An eccentric piece of whimsy about the friendship between an awkward European traveler and a short-tempered innkeeper in the backwaters of Inner Mongolia.
There’s not much in contempo Chinese cinema to compare with “Thomas Mao,” an eccentric piece of whimsy about the friendship between an awkward European traveler and a short-tempered innkeeper in the backwaters of Inner Mongolia. Packing martial-arts fantasies and visions of an alien invasion into the dreamlike narrative, mainland helmer Zhu Wen has produced his most entertaining and technically polished feature to date. This offbeat charmer with a wonderful final twist deserves local arthouse exposure, and is a good fit for fests and specialized tube outlets. Domestic release is pending.
Zhu has upped his storytelling skills considerably from his uneven previous features “Seafood” and “Rain Clouds Over Wushan.” Despite its absurdist humor and visual flights of fancy, “Thomas Mao” remains firmly on message as a culture-clash comedy poking gentle fun at both sides of the East-West divide.
In 2008, while Beijing is hosting the Olympic Games, English-speaking European artist Thomas (Thomas Rohdewald) marches into a rickety farmhouse-cum-hostel run by country bumpkin Mao (Mao Yan). While neither arrogant Thomas nor hotheaded Mao has a clue what the other is saying, Thomas eventually succeeds in getting Mao to clear a sord of ducks from a guest room and pose for his sketches.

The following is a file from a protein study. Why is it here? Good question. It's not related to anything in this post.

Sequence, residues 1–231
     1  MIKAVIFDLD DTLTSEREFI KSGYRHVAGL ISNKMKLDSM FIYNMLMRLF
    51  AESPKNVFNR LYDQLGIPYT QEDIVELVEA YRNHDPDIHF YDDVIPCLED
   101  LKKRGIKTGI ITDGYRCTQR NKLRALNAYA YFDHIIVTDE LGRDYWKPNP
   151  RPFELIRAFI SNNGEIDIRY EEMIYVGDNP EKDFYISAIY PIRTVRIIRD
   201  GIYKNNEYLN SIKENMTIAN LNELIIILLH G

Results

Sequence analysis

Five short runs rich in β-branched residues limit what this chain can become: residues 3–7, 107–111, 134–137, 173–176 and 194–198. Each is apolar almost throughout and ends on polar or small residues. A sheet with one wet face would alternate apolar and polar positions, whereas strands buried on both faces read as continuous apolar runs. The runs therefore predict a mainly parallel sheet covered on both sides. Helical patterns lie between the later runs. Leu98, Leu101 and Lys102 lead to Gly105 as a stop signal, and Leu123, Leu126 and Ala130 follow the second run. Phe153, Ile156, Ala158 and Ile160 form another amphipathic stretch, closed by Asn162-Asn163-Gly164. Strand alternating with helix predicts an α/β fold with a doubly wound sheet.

A delightful aspect of Thomas’ and Mao’s miscommunication is that neither makes any attempt to improve matters with sign language or body gestures. Result is a half-hour of sustained amusement as the duo talk at cross-purposes and establish a routine much like that of an old married couple who aren’t happy unless they’re bickering.
Screenplay flies into another dimension when the men simultaneously dream of a black-clad female warrior (Jin Zi) and a white-robed male (Ye Feng) floating around Mao’s property in bloody combat. Representing the yin and yang of Taoist philosophy, this beautifully choreographed setpiece starts as a metaphor for the distance between Thomas and Mao, and concludes with an exquisite image of the enemy fighters uniting into a symbol of hope and harmony. An alien invasion later imagined by Thomas further advances Zhu’s commentary on the commonality of human experience beyond barriers imposed by language and geography.
Zhu’s playful exercise comes full circle with a closing chapter, consisting of docu footage in which Rohdewald and Mao appear as themselves, that enriches all that’s gone before, and allows multiple interpretations of where the pic’s realities and fantasies stop and start.
Lensing of lush greenery around Mao’s lakeside property as well as the color-drained docu scenes is topnotch, with carefully framed compositions and sweeping crane shots that enhance the dreamy atmosphere. Other technical work is pro.